Wednesday, September 7, 2011

Stuff I Learned As A Kid--Chapter One

This is one of the posters I recall seeing in merchant's windows. I didn't have full comprehension of how rationing worked, but since my uncle was a Navy medic, I understood that if I went without, he would have enough of whatever he needed to make it home safe. My childish logic worked. He came home safe and sound. 

If you're a kid during WWII, you learn things by osmosis. I know I did. The lessons taught weren't meant to be lessons. They were just part of everyday life in a nation where everything was rationed, all the better to supply our troops first and we citizens last. It was a time of ration stamps and wooden tokens, mended clothes, and unusual foods on the dinner table. I was young enough to know no better. For me, going without wasn't a big thing. Everybody went without--and I personally never saw anyone pouting or ranting about it, for it was an era when every American I knew stood shoulder to shoulder against a common enemy.

In the small farm community where I grew up, farmers and city dwellers alike bartered and traded, especially when the month's ration stamps were gone. Because we had pigs and chickens, with a ready supply of eggs, dad traded our supplies with the farmers who raised beef or who had milk cows. Oddly enough, I grew up strong and healthy, even though I filled my tummy with unpasteurized milk straight from the cow. The one thing I remember is how creamy the milk was. Not at all like today's offerings. I also vividly recall how good that milk was cold rather than straight out of Old Bossy. But maybe that was just my personal taste. At any rate, I not only lived but flourished. Selling unpasteurized milk these days is illegal. Maybe drinking it is illegal too. Do you suppose this belated confession will land me in jail?

We ate strange things. Weeds were a big favorite--especially since they were readily available long before the garden vegetables were fit for the table. Actually, dandelion greens were fought over when mom cooked them. Dad showed me and my sister how to look for the youngest ones. The empty lot behind our house was always green with some weed or another, and once my sister and I knew what to look for, we went at it with gusto. There was such a small window where they were tasty, so we grabbed all we could so mom could cook them up, sprinkle them with vinegar, salt and pepper. We didn't know people weren't supposed to eat weeds. If neighbors today saw me on my hands and knees in the empty lot down the street gathering up dandelions, do you suppose they'd have me committed?

Duck is tasty; rabbit is downright good; doves and quail are so small you have to eat a lot of them; venison is delicious; pheasant is dry unless loaded up with lots of mom's onion gravy. Oddly enough, I thought nothing about eating whatever dad brought home from his hunting forays. My sister and I were told to eat it so we did. And even though we liked chicken the most, we knew dad sold all he could to the local grocery stores and restaurants, so there wasn't always chicken left for ourselves. Besides, we needed to keep the eggs a coming, so there were always a lot of hens clucking around the chicken coop and barnyard. I do not remember one time when any of us complained about the food. We kids were taught to be grateful that we had enough to eat. According to today's guidelines for health, we were most likely over-proteined youngsters. Do you suppose anything bad would happen if the USDA found out about my overly carnivorous past?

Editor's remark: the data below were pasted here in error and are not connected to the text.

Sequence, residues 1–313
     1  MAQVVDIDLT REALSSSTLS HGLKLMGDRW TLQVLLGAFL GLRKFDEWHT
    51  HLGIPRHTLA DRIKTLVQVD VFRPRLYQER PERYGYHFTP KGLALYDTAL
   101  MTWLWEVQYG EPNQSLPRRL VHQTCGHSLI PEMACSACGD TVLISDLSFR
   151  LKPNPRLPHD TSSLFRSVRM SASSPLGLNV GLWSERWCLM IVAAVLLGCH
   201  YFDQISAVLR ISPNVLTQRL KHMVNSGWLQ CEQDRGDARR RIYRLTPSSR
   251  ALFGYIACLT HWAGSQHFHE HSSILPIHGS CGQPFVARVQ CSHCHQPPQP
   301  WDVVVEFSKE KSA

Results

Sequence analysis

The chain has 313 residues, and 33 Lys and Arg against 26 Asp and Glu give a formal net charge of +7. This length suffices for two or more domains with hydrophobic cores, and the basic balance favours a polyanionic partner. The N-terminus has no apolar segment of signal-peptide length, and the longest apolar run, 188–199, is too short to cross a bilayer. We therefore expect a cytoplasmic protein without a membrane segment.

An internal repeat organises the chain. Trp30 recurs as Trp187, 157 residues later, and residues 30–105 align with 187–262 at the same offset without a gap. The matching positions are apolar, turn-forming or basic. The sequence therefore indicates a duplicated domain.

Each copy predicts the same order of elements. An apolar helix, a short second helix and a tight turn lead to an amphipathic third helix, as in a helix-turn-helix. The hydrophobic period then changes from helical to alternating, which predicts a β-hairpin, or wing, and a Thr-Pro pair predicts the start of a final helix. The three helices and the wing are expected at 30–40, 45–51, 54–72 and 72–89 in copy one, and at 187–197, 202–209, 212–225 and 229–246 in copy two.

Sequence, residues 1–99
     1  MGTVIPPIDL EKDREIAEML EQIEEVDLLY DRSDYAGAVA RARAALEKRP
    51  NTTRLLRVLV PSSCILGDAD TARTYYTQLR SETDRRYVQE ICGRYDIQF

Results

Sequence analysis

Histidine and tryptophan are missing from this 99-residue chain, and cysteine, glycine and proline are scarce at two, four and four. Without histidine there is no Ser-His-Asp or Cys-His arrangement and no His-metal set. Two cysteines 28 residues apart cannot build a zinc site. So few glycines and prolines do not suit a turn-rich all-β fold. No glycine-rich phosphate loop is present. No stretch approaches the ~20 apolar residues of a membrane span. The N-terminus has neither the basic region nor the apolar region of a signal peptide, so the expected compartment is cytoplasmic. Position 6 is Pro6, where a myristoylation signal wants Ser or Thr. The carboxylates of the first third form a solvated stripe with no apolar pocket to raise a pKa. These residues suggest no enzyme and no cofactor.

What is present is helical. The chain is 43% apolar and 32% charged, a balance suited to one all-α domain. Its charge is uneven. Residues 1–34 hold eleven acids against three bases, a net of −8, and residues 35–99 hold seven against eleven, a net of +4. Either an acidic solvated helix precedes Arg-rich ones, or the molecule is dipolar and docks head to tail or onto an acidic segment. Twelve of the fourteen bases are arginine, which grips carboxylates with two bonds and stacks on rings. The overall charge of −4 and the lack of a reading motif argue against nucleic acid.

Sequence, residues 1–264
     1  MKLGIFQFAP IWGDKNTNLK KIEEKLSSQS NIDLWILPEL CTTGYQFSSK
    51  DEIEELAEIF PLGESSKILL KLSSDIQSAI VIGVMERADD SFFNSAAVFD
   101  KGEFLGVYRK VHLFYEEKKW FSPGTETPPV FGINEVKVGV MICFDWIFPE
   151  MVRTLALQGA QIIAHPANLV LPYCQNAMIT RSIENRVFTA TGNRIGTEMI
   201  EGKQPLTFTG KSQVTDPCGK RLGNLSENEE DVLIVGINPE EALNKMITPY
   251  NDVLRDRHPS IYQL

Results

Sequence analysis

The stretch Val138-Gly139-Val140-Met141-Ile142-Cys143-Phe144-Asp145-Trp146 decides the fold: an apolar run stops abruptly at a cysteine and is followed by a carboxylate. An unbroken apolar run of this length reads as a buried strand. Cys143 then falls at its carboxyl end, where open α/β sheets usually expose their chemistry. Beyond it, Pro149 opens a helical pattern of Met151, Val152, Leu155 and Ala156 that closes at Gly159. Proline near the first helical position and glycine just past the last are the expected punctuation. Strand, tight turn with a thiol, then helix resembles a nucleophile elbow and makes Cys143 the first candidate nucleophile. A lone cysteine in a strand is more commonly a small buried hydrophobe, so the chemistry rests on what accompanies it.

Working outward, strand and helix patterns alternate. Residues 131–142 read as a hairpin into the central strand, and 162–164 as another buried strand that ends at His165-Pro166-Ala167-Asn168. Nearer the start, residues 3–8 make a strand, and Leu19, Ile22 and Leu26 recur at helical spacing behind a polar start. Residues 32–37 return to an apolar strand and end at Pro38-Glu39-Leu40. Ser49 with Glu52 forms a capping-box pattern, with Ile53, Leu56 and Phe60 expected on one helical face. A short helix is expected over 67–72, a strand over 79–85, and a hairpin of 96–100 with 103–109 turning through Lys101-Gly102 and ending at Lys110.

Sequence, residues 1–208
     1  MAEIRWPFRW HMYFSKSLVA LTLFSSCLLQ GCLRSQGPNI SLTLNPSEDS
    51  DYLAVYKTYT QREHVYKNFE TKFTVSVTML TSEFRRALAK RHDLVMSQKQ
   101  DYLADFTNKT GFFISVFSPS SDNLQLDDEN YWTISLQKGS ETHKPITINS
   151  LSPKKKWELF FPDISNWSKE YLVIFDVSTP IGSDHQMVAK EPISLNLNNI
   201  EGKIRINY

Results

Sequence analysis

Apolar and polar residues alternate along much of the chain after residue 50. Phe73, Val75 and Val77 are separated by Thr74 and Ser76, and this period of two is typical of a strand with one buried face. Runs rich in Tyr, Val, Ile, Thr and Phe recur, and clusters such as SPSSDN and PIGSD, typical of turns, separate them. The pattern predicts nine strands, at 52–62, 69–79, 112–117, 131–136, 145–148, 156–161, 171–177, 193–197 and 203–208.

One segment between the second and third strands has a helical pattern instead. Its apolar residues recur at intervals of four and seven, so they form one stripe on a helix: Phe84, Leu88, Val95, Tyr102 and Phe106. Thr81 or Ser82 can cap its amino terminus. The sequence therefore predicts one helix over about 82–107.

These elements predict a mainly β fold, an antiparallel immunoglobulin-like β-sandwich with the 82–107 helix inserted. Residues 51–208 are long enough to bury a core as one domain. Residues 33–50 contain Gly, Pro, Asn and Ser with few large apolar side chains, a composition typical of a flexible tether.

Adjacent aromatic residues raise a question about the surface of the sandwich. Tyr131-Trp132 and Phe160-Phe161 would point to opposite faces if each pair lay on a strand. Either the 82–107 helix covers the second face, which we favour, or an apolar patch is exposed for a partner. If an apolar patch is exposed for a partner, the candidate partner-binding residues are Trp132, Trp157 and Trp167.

Mended clothes can be uncomfortable. Most of the time, the mending was inconsequential. Unless the torn seam had frayed and mom had to take bigger seams to repair the damage. It was worse with blouses than skirts. Underarm seams chaffed the skin when sewn too tight and Lord knows, I put up with some chaffed skin in my day. Socks were the worst. Mom had a small light bulb she stored in a little basket where she kept darning needles, assorted colored floss, and a mixture of holey socks awaiting surgery. My sister and I hated darned socks. As thorough as mom was, making small lattices of embroidery floss across the hole, the sock never laid smooth, and since most of the holes were in the heel....well, you can imagine how comfy they were to wear. One day I got up nerve enough to tell her what I thought about darned socks and why couldn't we just go buy new ones? That was the day I learned that socks for soldiers came first and there were no ration coupons left to buy socks, even if they could be found. Do you suppose I could sue the government for my having to grow up wearing darned socks that blistered my heels?

To be continued....

Author's note: Seems I learned more than I realized for as I was putting this story together, it dawned on me it was far too long for a single blog. I've broken it into chapters. You can read more next week. Blessings to all my followers. Thank you for being so faithful to my blog.

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